Costs, Finance & Money
By Central European standards, the over-all cost of living in Austria is mid-range and generally you will get good value for money, although you might have to look for better deals.
A few numbers to give you a feel for typical costs in Austria: An average meal in a mid-range "Gasthaus" (pub) is about 6 to 9 Euros; half a litre of beer in a pub or bar about 2.50 to 4 Euros; a ticket in for a local bus ride (city busses) about 2 Euros; adult entrance fees to museums and alike are mostly around 5 Euros; a night in a B&B ranges between 30 and 50 Euros per person.
The most expensive places are unfortunately (like in all countries) the touristy bits of the country. This includes Salzburg, Vienna, the Salzkammergut, the Wachau and the Ski resorts of Western Austria, such as Kitzbühel in Tyrol or St. Anton in Vorarlberg. Alcoholic beverages in supermarkets are significantly cheaper than in many Northern European countries. Value Added Tax (VAT) is generally 20 percent.
Currency & Coins
As quoted above, Austria′s currency is the Euro (1 Euro is 100 cents). The Euro banknotes were designed by the Austrian Robert Kalina. They explicitly don′t depict people to avoid national rivalry, but European gates and bridges from different epochs and regions. The Euro cent coins have identical fronts in all countries, the backside of the coins are designed differently for every country in the Euro zone.
Austria′s coins follow the national consensus that the Sound-of-Music image of the country is a good thing, eventually it′s mostly tourists that bring in the money. Therefore, the copper coins display alpine flowers (Enzing, Edelweiß, Alpenschlüsselblume), the other cent coins show Viennese buildings (St. Stephan′s cathedral, the Belvedere and the Wiener Secession) and the Euro coins show Bertha von Suttner (a Nobel laureate in peace that nobody knows anymore) and - surprise - Wolfgang Amadeus Mozart.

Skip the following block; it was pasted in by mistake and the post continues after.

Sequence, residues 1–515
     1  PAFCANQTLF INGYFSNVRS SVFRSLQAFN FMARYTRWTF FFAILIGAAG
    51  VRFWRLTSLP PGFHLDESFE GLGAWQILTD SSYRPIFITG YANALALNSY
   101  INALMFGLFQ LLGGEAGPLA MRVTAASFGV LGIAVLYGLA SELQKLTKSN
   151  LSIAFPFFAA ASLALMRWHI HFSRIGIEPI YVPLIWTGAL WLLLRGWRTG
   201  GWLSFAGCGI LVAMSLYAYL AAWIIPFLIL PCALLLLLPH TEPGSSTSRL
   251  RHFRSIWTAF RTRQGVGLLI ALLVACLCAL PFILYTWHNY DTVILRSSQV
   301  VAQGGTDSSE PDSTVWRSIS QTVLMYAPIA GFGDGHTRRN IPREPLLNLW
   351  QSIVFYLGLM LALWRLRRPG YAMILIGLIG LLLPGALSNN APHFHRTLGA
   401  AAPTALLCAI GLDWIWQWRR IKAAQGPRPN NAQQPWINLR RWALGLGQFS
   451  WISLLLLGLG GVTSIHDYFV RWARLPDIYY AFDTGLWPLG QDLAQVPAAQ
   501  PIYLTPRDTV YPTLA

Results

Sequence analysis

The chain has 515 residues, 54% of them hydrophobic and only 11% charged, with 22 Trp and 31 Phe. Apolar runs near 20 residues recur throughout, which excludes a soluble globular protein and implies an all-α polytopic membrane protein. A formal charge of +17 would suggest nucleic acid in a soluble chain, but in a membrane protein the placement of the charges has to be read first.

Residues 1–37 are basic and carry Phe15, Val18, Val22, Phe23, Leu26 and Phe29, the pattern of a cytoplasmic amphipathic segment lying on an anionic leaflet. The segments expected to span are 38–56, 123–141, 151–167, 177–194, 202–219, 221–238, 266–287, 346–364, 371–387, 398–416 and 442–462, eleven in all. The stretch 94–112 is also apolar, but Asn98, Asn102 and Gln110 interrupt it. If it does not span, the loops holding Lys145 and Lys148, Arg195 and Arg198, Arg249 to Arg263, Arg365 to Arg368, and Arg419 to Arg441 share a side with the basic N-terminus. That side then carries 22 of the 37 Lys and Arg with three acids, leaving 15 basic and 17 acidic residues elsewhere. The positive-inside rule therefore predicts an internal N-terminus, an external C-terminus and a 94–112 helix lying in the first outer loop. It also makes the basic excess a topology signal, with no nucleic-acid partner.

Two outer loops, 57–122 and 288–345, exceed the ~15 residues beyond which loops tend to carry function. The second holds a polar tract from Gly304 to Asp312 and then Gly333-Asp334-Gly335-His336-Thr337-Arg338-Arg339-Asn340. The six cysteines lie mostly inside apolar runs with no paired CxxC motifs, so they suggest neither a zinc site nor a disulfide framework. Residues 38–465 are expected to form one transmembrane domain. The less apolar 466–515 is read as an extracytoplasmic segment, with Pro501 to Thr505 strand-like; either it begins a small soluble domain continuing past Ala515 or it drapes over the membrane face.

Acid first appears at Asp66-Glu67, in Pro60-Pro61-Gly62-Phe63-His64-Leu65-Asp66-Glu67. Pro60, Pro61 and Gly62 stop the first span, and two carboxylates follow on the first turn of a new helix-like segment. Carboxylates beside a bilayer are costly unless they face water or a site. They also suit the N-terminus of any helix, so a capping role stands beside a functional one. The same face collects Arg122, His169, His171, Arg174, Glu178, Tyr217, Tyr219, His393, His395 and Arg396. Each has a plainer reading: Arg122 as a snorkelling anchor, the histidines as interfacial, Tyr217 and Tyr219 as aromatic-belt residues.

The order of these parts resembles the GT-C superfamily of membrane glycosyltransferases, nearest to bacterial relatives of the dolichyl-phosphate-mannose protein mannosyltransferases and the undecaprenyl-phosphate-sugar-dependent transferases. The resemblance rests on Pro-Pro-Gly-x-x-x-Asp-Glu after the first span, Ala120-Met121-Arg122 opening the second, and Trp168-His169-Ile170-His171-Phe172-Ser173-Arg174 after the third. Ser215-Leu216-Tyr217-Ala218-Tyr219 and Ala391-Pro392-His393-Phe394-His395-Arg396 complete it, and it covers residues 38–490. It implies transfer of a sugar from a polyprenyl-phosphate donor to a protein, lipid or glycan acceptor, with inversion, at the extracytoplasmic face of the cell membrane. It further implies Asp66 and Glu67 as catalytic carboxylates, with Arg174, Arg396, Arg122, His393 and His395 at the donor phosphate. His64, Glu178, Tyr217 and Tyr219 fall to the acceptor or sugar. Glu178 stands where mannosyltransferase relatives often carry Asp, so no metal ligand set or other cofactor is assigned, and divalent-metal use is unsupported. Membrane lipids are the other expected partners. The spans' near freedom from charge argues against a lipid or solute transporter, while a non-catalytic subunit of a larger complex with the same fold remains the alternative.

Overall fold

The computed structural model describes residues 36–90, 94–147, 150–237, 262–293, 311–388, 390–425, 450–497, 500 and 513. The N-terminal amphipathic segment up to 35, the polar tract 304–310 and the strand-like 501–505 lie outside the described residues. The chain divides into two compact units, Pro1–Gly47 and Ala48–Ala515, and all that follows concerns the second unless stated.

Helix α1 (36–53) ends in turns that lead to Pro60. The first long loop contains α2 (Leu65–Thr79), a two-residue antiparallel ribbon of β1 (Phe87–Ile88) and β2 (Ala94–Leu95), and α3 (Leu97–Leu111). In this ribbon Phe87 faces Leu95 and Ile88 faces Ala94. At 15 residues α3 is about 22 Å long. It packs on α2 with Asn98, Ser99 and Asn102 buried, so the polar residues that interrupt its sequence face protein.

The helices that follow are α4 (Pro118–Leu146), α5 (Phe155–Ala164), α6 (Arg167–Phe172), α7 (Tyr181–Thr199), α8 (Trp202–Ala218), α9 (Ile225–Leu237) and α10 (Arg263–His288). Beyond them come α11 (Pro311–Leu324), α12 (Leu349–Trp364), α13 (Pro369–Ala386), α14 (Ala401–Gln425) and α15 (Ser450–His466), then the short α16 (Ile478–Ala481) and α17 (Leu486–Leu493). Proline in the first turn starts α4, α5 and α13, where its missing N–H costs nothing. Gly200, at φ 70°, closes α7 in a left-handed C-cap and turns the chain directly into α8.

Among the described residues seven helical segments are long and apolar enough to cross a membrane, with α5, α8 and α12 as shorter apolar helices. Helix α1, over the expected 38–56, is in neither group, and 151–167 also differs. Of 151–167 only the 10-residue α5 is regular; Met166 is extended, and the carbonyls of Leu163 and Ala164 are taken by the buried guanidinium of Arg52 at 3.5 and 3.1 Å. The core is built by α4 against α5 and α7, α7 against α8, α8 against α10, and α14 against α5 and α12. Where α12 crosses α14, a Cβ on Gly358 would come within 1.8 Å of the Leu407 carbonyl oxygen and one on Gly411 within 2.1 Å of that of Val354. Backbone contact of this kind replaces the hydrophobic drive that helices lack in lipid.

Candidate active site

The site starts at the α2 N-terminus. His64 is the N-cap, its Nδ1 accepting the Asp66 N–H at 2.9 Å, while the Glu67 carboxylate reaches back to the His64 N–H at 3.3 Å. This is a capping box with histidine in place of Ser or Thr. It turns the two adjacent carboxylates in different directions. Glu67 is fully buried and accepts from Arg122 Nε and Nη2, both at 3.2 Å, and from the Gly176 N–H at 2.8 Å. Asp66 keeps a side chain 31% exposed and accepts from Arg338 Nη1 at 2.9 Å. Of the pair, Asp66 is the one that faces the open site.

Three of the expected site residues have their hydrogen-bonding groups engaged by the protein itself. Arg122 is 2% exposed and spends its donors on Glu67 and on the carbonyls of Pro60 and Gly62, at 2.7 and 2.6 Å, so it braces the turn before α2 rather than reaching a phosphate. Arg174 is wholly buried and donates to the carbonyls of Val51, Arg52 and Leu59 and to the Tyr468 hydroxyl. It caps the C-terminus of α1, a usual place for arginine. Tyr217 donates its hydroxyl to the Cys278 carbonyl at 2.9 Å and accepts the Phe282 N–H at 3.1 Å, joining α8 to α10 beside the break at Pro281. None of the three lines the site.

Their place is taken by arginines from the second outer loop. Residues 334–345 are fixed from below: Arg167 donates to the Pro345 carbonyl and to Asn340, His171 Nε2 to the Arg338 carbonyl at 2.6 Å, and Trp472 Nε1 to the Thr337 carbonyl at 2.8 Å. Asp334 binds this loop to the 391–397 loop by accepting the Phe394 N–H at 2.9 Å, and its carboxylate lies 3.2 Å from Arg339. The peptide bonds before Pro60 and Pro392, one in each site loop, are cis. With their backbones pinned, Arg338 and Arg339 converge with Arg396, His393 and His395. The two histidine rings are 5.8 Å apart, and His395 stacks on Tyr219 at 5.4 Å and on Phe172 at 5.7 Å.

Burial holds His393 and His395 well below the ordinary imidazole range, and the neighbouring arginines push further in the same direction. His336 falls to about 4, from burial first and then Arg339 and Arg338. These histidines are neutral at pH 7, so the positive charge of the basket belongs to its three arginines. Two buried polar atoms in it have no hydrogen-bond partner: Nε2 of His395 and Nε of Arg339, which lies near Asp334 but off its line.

Getting Euros: Foreign Currency Exchange
It is not necessary to change large amounts of money (or any at all) before you go to Austria. Foreign currency exchange is commonly done in all banks and credit cards are widely accepted. ATMs or cash points are available even in small villages (and of course at airports). They are called "Bankomat" in Austria and will generally accept all cards with Maestro function. For other cards you might have to go inside a bank and provide an identification document. Exchange rates are moderate at banks and post offices.
Common Banking Hours
Monday, Tuesday, Wednesday, Friday
8 a.m to 12:30 p.m and
1:30 p.m to 3 p.m
8 a.m to 12:30 p.m and
1:30 p.m to 5:30 p.m
Saving money: Discounts and Bargains
Discounts are common at entrance fees for students, seniors and young people (generally 26 is the limit for the latter). Haggling is not common and might cause irritation. To save money on your maintenance budget, you might want to look for supermarkets. The biggest chains in Austria are Billa (www.billa.at) and Spar (www.spar.at) (both are of similar quality and prices), Hofer (www.hofer.at) is the Austrian equivalent of Aldi and offers more basic and more affordable deals.
To save money on transportation, you should always ask if you are eligible for a discount card at the national railways (www.oebb.at/). Tell the railway man about your travel plans and check if buying a discount card makes sense for you. If you want to buy such a card, you will need a passport picture (it will be scanned, so it doesn′t need to be of very high quality).
To save money on your souvenir budget, check markets off the touristy centres and flea markets. Probably the best venue for such things is the Naschmarkt in Vienna. Such markets vary in quality, but the best thing is probably to look for specific items and ask locals at the place where they would buy it.
Practicalities & Useful Bits
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Saving Money as a Tourist in Austria
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